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Re: Care options for parent (mental health, death of spouse)

Post by dbr » Mon Jun 29, 2020 10:17 pm

Nutmeg wrote:
Mon Jun 29, 2020 10:09 pm


When you obtain a durable POA, be sure that the POA authorizes you as agent to do everything the principal could do, not just in general language, but specifically. Some states require the principal to specifically state that the agent has the power to make gifts, even to himself, or name a beneficiary, even if that is himself. This could be important powers to have in order to carry out the principal’s wishes, which presumably would be to name both you and your sister as beneficiaries. If the original POA is recorded, you can obtain certified copies of it, which can help when you are attempting to convince an entity to accept it.
Yes, in our state they have a list like that with checkboxes or an election that all boxes are checked.

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Re: Care options for parent (mental health, death of spouse)

Post by XtremeSki2001 » Mon Jul 06, 2020 3:59 pm

Hi All - Thank you again for the thoughtful posts and PMs. Thank you also to those I didn't respond to specifically and for the guidance on POAs should I/we need one.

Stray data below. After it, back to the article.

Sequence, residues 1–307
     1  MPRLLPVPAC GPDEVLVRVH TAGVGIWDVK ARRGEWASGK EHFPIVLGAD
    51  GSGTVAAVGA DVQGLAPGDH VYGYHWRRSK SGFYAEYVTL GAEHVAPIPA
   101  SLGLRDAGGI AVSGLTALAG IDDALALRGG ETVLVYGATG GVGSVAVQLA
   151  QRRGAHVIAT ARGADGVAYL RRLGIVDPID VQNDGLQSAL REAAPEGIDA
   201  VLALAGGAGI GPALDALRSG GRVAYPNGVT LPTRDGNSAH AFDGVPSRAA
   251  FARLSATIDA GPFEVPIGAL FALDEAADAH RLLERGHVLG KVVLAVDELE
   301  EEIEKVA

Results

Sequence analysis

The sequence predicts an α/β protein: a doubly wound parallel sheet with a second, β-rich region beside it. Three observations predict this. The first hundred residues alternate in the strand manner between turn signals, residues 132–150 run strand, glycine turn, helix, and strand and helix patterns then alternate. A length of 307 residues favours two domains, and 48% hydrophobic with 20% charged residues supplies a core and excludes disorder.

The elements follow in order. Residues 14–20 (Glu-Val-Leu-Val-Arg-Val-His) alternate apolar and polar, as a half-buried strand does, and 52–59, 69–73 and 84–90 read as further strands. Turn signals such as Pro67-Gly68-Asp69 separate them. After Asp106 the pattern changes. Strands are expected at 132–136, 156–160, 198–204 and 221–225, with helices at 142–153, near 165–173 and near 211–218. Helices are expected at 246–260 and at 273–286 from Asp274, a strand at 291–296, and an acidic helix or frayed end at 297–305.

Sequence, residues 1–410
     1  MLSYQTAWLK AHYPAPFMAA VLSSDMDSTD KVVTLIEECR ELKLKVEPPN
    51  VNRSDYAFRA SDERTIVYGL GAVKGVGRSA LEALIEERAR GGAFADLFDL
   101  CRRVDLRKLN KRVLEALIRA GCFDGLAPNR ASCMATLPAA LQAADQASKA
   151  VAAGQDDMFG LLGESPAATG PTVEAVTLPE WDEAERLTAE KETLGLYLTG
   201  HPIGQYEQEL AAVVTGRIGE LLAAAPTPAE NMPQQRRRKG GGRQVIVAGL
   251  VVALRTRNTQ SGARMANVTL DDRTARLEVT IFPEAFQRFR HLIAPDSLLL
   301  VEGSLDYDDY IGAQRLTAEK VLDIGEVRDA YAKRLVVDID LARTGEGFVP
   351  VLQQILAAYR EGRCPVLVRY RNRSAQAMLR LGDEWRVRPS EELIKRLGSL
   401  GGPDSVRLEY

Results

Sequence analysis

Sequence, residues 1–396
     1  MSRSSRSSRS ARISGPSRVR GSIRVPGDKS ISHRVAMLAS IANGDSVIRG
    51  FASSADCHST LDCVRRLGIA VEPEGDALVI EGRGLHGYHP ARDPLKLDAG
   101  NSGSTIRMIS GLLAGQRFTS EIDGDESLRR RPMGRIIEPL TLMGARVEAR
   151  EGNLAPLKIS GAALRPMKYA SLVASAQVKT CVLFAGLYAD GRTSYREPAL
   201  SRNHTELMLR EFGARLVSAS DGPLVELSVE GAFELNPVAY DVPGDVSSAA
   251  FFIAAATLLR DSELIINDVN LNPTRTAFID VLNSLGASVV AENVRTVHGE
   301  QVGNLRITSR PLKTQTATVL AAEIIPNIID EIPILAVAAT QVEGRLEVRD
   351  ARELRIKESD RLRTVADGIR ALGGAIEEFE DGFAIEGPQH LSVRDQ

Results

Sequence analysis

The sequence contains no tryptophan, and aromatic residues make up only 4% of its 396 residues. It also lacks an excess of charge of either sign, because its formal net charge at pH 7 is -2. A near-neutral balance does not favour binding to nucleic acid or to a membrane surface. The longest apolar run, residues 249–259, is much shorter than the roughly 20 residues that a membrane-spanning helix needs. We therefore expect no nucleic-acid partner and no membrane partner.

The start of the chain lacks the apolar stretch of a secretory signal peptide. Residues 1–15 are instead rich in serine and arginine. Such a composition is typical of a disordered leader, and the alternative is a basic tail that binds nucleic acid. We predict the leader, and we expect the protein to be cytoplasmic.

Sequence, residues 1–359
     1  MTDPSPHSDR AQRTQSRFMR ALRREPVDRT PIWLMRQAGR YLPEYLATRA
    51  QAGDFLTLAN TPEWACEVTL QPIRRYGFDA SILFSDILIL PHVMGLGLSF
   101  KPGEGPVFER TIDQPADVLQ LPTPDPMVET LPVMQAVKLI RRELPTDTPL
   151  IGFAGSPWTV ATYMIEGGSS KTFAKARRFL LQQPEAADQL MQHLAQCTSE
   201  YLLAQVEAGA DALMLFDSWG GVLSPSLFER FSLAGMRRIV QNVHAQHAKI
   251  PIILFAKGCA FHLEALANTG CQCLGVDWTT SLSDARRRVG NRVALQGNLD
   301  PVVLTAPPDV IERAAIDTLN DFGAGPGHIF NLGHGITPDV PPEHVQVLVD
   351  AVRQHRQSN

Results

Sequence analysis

dbr wrote:
Mon Jun 29, 2020 9:51 am
1. Your county social services organization and your mother's physician(s) can be very helpful at locating resources. This requires physicians of more than one specialty. There are also community services and help organizations that do a lot, for her and for you. Explore all of them. Especially explore how these things can be paid for. If you think the IRS is a byzantine empire, welcome to the world of social services.
She's in a paid outpatient program now (was inpatient pre-COVID). Speaking to the counselor several times I question the effectiveness of the program. Seems more 'keep thing status quo', not goal-oriented, don't really know my mother, etc. We have a meeting with a local counselor we know tomorrow to reassess things.
dbr wrote:
Mon Jun 29, 2020 9:51 am
2. In two cases the ultimate solution that worked was to get the person under care in a facility, whether assisted living, mental assisted care, or a nursing home. At-home care can be more time and stress* for the family or can work very well. My third case was that a full-time live-in care giver worked, but that was because the person hired was unique.